Villa’s defence needs as much protection as the team can muster and their attack is certainly not potent enough to win a straight firefight with anyone.
Sherwood may perceive being tight and organised as negative, but he will probably have plenty of spare time to revise that philosophy if Villa lose again on Saturday.
Swansea quickly retaliated against John Cross’s report on Wednesday that Monk had not taken training since the home defeat to Stoke on Monday, but that does not mean that all is well at the Liberty Stadium.
Reports suggest there is indeed tension behind the scenes and the club may be trying to steer Monk towards hiring an experienced assistant. It all seems quite bizarre given the job Monk has done since taking over as boss last year, but the Swans’ slump seems to be causing some panic.
Monk’s side have won just twice in the league this season and go to Villa on Saturday looking for their first victory in seven. Three points would certainly give the manager more leverage with the board, especially with Arsenal due next in south Wales.
Conceding six to Newcastle was shameful and Alex Neil does not appear to be a man who will have taken it lightly.
Norwich host West Brom in what might appear to be a comfortable fixture in which to bounce back, which is something the Canaries have done well prior to last week.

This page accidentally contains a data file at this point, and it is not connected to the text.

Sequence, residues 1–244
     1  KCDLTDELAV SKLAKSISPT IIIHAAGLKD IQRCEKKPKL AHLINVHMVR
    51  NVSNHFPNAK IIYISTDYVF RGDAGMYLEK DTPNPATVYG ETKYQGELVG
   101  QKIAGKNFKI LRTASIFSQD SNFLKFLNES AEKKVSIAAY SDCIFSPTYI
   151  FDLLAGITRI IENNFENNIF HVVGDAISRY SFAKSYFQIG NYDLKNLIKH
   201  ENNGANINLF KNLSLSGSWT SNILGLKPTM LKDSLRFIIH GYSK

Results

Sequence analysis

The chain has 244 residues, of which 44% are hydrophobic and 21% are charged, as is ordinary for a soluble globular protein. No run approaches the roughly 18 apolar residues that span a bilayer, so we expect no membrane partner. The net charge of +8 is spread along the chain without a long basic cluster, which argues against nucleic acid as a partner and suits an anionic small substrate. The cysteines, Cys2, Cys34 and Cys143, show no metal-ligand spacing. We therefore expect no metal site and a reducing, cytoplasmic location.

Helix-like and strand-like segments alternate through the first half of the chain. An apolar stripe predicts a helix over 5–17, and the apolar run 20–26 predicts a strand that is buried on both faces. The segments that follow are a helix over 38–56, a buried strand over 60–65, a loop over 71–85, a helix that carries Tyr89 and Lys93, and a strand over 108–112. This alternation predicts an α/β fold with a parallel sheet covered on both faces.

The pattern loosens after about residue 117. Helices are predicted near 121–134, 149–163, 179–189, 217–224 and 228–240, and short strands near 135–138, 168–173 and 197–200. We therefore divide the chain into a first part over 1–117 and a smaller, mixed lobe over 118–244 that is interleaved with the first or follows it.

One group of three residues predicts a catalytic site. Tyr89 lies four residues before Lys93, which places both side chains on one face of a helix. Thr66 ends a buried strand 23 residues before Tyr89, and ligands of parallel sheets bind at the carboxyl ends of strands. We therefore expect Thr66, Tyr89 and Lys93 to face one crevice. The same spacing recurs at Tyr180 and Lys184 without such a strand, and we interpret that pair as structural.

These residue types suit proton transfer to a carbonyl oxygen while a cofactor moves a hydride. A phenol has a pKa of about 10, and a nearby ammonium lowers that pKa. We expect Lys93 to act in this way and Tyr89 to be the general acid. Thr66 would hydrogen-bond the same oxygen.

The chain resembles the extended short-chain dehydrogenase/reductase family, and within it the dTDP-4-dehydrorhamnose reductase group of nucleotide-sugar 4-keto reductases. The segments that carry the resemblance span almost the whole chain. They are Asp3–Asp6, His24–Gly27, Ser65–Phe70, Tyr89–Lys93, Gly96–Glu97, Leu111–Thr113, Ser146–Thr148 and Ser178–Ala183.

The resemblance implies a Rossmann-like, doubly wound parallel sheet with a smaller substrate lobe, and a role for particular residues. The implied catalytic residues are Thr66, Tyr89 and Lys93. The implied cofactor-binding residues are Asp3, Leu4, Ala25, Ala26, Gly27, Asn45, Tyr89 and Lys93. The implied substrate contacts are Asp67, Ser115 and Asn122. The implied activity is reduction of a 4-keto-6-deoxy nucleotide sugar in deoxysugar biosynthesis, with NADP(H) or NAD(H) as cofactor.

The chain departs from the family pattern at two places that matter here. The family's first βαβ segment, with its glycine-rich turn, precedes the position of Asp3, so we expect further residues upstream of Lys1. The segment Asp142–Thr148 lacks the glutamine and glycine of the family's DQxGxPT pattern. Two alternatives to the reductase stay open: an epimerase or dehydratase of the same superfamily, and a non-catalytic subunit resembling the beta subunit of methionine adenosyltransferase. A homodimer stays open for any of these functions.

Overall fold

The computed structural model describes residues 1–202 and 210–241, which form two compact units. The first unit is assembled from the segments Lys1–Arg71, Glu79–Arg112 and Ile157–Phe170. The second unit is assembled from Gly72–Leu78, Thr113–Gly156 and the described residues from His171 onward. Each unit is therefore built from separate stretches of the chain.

The 6-2 hammering in the north-east marked the first occasion Norwich had lost consecutive Premier League matches this season. Three points against the Baggies are crucial, especially when you note that three of November’s four opponents are Manchester City, Chelsea and Arsenal.
The final first of three in a week for Klopp comes when he takes charge of Liverpool at home in the Premier League.
His inaugural game was safely negotiated at Tottenham, with lots of positive stats about running very far and very fast being used as evidence that the German is already having an effect.
The new manager’s first match at Anfield, though, was a reminder that it is going to take more than speed and graft to fix Liverpool’s ills. Klopp watched his side huff and puff against 10 men but they remain too easy to stop.
With Christian Benteke and Roberto Firmino now available after cameos and Daniel Sturridge in line to return, Klopp will send out something resembling his strongest team against Southampton and everyone – players and supporters – will be looking to put on a show.
Of course, Southampton will seek to be party-poopers but it depends which Saints side shows up. Ronald Koeman’s side have been frustratingly inconsistent this season but if the Dutchman can coax out a performance similar to the one that earned victory at Chelsea recently, then Klopp’s side will certainly need to put in the hard yards.
Because Miller says so here.